The Apollo’s exceptional ability to play music extended throughout my auditions. Though particularly obvious on Jazz, Rock and other bass-driven music, the Apollo’s musical communicativeness was equally involving on Classical music. Although an articulated bass line pretty much disappeared in Western Art Music after the Baroque Period, the need for correct timing, tempo and rhythm did not. The Apollo’s portrayal of Mozart’s Wind Concerti, Divertimenti, and Serenades was so spot-on in tempo, phrasing, and melodic flow that I could mentally insert a phantom rhythm section to the music. Similarly, the ability of sophisticated Jazz drummers to play around a rhythm without actually articulating it by beat strokes – creating a phantom rhythm – was revealed for the first time by a CD player. I never thought it would happen.
The Apollo sounded good right out of the box (Rega’s manual states that the Class A output section will require a half-hour after turn-on to optimize,) so good in fact that I was fooled into believing it needed no burn-in. A rough patch of upper midrange harshness that showed up on the third day disappeared after a week’s total play. Isolation devices changed the Apollo’s sonics, but did not improve its musical merits, so I played the Apollo “neat.” It was the same with AC power cords. Rega supplies an interconnect with the Apollo, that while not inspiring confidence among serpent-worshipping interconnect enthusiasts, outperformed the 6 interconnects I tried with the Apollo. Excellent! Buyers of the Rega will not have to double its price by buying isolation devices, interconnects, and power cords to get it to show its musical best. Rega does offer their optional “Couple” interconnect for “audiophiles.”
The Apollo does not aim for ultra-fi sonic special effects. It does not match the South Dakota-like spatial width of the almost three times as expensive state-of-the-art Cyrus CD8x, for example. Nor does it attempt to achieve hyper-detail. Rega instead opts for a balanced and organic coherency that subordinates individual aspects of sonic reproduction to a musically oriented and grounded whole. The Apollo builds its performance from the musical ground upwards, rather than hoping that recreating the length of the guitarist’s fingernails will somehow result in musical sense. The Apollo’s slight lack of ultimate stage width and detail resolution does not result in a dumbing-down of the signal. Hands slapping the leather heads of hand drums were clearly audible, as was the difference between mallets, brushes and wooden sticks on cymbal playing. Differences in recording quality and in digital transfer of analogue recordings were clearly differentiated. Three-dimensional stereo effects in near-field listening were superbly rendered and orchestral performances were laid out in coherent left-right and front-back perspective that smacked of the natural and accurate rather than the hyped up and falsely spectacular. Audience reaction and clapping on live recordings had a realistic aspect to them that revealed just why the audience was reacting. In short, the Apollo’s slight lack of ultimate sonic performance had no bearing on its musical performance whatsoever. To the contrary, the Apollo’s superior musical communication challenges the existential validity of audiophile CD players that score “0” on the classic old American Bandstand snot-nosed teenager critical criteria: “Uh, it’s got no beat and I can’t dance to it.”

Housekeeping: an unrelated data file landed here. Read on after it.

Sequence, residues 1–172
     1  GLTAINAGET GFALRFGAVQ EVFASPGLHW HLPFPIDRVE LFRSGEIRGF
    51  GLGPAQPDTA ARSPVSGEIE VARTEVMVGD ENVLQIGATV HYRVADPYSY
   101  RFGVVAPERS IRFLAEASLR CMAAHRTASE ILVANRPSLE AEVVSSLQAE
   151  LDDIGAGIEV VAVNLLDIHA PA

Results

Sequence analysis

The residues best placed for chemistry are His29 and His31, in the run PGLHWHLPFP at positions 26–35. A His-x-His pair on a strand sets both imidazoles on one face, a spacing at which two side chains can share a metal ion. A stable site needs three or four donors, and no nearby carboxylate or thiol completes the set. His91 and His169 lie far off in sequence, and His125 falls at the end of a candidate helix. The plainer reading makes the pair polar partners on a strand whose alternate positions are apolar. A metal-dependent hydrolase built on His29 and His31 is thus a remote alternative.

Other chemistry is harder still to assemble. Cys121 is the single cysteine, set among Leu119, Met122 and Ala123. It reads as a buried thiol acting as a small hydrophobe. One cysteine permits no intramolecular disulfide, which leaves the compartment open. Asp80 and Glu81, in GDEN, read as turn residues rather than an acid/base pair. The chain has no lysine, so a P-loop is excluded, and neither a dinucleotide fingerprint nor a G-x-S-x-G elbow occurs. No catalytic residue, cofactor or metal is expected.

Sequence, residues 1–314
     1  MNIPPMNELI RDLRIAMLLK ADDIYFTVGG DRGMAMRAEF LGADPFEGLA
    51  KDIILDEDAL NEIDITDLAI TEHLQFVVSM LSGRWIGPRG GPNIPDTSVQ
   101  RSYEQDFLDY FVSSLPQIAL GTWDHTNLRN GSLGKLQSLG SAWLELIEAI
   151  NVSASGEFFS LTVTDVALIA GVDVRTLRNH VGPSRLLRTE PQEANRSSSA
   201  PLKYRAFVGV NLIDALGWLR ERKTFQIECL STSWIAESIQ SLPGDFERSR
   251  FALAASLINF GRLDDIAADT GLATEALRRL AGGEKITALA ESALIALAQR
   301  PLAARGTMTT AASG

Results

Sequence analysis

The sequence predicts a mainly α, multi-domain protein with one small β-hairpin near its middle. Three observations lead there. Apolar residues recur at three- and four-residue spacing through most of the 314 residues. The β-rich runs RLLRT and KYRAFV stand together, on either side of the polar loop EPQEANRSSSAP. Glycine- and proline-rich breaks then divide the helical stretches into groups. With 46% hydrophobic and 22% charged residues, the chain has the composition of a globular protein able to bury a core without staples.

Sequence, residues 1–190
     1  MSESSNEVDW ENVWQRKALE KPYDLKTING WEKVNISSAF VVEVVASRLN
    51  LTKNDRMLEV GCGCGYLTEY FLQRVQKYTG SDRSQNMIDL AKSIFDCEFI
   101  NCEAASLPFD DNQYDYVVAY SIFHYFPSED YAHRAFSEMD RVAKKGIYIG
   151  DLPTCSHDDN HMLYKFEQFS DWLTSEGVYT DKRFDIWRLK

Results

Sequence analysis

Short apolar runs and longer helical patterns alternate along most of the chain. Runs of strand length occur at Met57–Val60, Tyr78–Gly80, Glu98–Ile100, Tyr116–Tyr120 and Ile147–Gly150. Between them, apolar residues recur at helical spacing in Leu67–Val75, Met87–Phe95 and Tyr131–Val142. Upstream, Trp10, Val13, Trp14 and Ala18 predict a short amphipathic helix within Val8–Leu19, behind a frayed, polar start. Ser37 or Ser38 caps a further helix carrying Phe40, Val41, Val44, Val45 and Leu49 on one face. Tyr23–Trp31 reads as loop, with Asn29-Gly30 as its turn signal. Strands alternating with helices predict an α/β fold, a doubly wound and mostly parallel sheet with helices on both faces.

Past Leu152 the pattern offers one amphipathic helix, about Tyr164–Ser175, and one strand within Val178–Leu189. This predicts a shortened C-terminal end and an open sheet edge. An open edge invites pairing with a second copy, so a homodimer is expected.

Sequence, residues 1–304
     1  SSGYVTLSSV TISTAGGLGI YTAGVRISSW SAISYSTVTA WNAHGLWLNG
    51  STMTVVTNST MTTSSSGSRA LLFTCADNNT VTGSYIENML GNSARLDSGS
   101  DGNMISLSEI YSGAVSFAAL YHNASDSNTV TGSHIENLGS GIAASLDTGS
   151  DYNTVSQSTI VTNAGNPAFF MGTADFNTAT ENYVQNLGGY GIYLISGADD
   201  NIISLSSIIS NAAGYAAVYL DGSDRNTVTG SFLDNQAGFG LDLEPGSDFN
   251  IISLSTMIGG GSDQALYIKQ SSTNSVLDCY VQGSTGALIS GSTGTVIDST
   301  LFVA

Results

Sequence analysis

Given the Apollo’s breakthrough musical performance from the CD format, it is hard not to hope that it has also vanquished all the telltale digital sonic artifacts. Getting satisfactory sonic performance from CD has been complicated for me by the presence of my primary listening partners – a pair of Sound Labs Dynastat speakers. Six feet tall and clad in all black, they hang around my listening room and have been unabashed and uncensored truth-tellers that the CD emperor has no clothes, pointing out in vivid detail all the clothes it doesn’t have.
“Oh, no! Not another CD player! Hey, pinhead: it’s Mozart’s anniversary! Why not     play some Mozart records with that nice Mr. Gregory’s MusicMaker III cartridge? Quit wasting my time with all this digital crap!”
“But this is a Rega CD player. These guys don’t build anything unless it makes music.”
“A Rega, huh? Well OK then. Give it a spin. Hmm. Not bad. Hey wait a minute! This sounds remarkably like music! Listen to that groove The Meters are laying down. Listen to this Olatunji stuff. These guys are playing six different rhythms simultaneously! Check out this John Martyn collection. Listen how he changes singing ‘S’ into a ‘Z’ to smooth the sonic flow of the lyrics. Check out how he gives the acoustic guitar line another level of meaning by over-dubbing that echoing electric guitar drone! Remember that old Spooky Tooth lyric you could never quite suss out? Well, here’s what Mike Harrison’s singing. Dig this Clapton guy doing ‘call and response’ within his solos. Did you know that he grokked Mozart’s Rule of Three Repetitions way back in the 60’s? Hmm.. Are you sure this is a CD player?”
“You tell me.”
“Well, OK. The decay of notes isn’t as good as analogue. There’s a little digital zip here, and a little there. What kind of deaf idiots did this half-assed re-mastering job of this great old analogue recording anyway? Yeah, the timbre of orchestral instruments does not match analogue either, but it’s not hard recognizing them. And interior dynamic flow within musical lines doesn’t match analogue. But this Rega thing makes musical sense. Yeah, you can play it through us any time. Got any Mozart CD’s there, Slick?”
It is impossible to view the Rega Apollo as anything other than a genuine musical breakthrough in CD playback. Those, like me, who have long despaired of ever achieving musical satisfaction from the CD format, can finally rejoice. The Apollo’s reasonable $995 price, lack of tweak-iness, and deep aesthetic value make it the definition of a 
Most Wanted Component. The highest praise and congratulations to Rega for their achievement with the Apollo, and as a music lover, my deepest thanks.


Paul Szabady


Specifications: Single-play top-loading CD Player

Rega Research Limited
119 Park Street
SS0 7PD 
Price: $995

US Distributor:
The Sound Organisation
Stephen Daniels
11140 Petal Street
Suite 350
Texas 75238
Tel: 001 972 234 0182
Fax: 001 972 234 0249